Monday, November 29, 2010

Mission Impossible

She knew it would not be easy. She had tried before, on many occasions, never with success. But this time, this time would be different. She would somehow manage the impossible.

It took planning, lots of planning. And coordination of schedules. And secrecy. Up until the last minute, she was afraid of failure. There were too many details that could go wrong. And yet, she pulled it off without a hitch. This mission impossible, this Thanksgiving surprise.

I am still reeling from the shock. And feeling so very grateful for

smiley cookies,


the airplane that brought our Principessa home,

the van that safely carried the Sprittles and their Mommy and Daddy to visit,

wild Indians stomping through the house in a mini school pageant recreated,


the voices of grandchildren,

the turkey that defrosted in time,

"feathers" of gratitude,

being together,

happy meal toys,

tiny arms around my neck,

hugs and kisses,




angel wings on lampshade,




silly sunglasses,


self portraits,


a scavenger hunt for Mommo,

a coonskin cap,

photo 1

balloons and a floor vent,

Sprittle sleepover,

noodle necklaces,

hand-me-down bling,


blond hair + blue eyes + blue fleece pullovers,


Christmas displays,

hallways and self propelled trucks,


eating out,

a light dusting of snow Saturday morning,


a successful surprise,

the mission impossible made possible,

the love and graciousness that accomplished it.

A wonderful Thanksgiving.

"Praise God, from Whom all blessings flow; Praise Him, all creatures here below; 
Praise Him above, ye heavenly host; Praise Father, Son, and Holy Ghost."

holy experience

Tuesday, November 23, 2010

The Joy of Naming

It has been a year since I began the naming of gifts, encouraged by a new friend on the internet. A year to name a thousand. 52 Mondays to stop and think and list the moments of grace that make up each 24 hours.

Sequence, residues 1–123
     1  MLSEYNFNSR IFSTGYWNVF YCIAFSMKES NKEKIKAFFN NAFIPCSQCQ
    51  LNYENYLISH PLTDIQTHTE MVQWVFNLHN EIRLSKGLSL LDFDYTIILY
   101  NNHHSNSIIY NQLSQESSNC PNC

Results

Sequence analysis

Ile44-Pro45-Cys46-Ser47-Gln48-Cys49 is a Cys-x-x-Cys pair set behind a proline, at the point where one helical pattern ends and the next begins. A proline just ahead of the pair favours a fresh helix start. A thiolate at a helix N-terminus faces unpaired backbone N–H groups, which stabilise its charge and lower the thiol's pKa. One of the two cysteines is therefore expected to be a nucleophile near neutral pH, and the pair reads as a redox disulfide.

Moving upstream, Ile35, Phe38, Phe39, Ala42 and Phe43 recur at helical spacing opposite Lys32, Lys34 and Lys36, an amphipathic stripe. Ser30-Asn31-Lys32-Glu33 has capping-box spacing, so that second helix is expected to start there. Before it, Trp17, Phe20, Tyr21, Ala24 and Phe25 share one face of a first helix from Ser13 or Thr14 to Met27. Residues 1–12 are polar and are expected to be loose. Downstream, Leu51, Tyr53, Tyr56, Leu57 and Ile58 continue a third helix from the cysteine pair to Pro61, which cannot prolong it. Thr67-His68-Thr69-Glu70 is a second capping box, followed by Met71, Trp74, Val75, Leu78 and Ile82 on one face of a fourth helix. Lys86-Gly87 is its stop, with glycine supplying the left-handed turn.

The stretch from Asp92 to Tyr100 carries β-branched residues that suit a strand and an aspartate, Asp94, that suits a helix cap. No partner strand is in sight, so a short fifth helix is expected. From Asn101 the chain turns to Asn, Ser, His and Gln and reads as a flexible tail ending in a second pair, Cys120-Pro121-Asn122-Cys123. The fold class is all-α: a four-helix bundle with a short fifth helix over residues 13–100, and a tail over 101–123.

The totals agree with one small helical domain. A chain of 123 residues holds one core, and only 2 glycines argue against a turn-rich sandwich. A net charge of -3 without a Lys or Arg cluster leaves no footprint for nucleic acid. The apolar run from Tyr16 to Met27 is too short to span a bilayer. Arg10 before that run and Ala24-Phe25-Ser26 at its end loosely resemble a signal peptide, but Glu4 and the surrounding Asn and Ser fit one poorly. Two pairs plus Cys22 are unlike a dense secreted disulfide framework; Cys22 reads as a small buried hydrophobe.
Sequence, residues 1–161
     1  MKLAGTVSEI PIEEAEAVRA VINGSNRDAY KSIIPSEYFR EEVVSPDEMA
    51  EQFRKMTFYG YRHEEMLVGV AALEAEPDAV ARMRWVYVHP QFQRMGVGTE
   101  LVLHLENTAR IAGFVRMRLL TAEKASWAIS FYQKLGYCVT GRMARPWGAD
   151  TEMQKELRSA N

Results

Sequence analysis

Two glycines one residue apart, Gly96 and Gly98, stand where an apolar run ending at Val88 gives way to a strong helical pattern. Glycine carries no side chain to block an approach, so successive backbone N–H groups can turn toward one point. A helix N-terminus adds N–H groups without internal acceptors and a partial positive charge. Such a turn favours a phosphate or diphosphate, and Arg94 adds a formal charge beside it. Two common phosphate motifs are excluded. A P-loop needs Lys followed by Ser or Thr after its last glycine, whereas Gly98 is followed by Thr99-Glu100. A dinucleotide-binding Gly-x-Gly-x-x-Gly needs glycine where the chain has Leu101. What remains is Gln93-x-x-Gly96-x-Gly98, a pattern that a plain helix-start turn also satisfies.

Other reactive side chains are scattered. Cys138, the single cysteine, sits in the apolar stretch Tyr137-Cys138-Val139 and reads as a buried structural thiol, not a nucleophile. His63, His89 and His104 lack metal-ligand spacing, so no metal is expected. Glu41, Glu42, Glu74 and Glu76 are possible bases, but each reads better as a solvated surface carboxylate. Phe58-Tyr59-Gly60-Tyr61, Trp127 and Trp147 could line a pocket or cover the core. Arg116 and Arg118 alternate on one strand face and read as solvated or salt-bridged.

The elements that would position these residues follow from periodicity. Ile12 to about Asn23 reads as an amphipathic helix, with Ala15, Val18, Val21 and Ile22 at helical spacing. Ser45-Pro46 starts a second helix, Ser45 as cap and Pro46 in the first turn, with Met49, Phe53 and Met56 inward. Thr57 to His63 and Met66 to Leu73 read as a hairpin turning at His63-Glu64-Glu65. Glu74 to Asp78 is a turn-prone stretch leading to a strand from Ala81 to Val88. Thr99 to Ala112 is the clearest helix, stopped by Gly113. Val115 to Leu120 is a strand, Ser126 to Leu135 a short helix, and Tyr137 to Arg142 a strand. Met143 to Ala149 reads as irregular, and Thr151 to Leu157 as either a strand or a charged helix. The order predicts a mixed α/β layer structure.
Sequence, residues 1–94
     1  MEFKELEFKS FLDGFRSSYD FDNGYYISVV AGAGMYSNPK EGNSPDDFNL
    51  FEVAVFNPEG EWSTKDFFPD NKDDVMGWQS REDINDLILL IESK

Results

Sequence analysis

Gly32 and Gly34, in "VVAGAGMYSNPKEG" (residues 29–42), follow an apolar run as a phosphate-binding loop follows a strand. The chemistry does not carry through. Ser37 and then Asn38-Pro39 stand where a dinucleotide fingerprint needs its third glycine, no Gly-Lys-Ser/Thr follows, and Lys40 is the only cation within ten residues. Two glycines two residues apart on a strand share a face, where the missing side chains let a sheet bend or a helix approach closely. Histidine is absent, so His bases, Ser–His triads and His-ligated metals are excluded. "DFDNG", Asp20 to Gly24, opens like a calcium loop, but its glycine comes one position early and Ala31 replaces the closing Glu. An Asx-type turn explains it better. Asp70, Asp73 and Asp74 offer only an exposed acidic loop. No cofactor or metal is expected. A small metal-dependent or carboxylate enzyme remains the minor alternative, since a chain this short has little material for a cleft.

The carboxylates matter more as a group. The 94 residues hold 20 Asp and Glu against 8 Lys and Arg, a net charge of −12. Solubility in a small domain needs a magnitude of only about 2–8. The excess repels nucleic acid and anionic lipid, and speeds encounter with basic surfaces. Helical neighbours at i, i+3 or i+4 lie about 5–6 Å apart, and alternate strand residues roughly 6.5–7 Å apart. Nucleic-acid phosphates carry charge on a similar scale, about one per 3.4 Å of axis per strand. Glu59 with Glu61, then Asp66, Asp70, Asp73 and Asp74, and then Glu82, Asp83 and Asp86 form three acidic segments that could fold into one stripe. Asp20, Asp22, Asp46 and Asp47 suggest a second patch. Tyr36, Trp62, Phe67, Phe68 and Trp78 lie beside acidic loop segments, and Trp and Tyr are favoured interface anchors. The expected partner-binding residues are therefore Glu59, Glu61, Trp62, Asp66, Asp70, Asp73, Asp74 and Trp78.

My mind turns to a photo essay from the early 1990s in which a journalist sought to picture average families from around the world, surrounded by their possessions. Included were statistics -- numbers that spoke of life expectancy, infant mortality, energy use.

Each picture spoke a thousand words and more about living conditions and treasures.

But I sit in my comfortable home on my comfortable couch with the world at my fingertips and can't think of a thing for which to be grateful. In 3 days a holiday of gratitude will be upon us and I can't think of one thing I haven't already mentioned in 128 entries. I know there are many, but the mind refuses to focus.

Only 128 in 52 weeks.

I can name other things effortlessly -- the error, the less than perfect, the negative. But I stumble and stutter to name the gifts. The graces.

The treasures. And there are so many.

What seemed so simple is indeed profound. In my silence, I discover my need to see, to hear, to NAME.

Or, perhaps, the seeing and hearing rise from the naming.

Dare I try again?

I name:

preparing a Thanksgiving meal for my family,

sitting down to a meal together,


conversation around the table,

memories of past Thanksgivings,

the sunrise that dispels the dark,



the moon that lights the night,


the electricity that powers our well and the oven,

the smell and feel of a good book,


time to be alone and think,


the realization of my poverty,

the joy of naming.

"But the love of the Lord remains forever with those who fear him." Psalm 103:17 NLT

holy experience

Monday, November 15, 2010

Life Lines


She told the story of threads woven in love.  Delicate, lone strands that became strong together in the twisting and the crossing and the pressing.  She spoke of how friendship had been her lifeline, how we three had held her from harm.  Then she gave the gift as a reminder of hope and help and healing.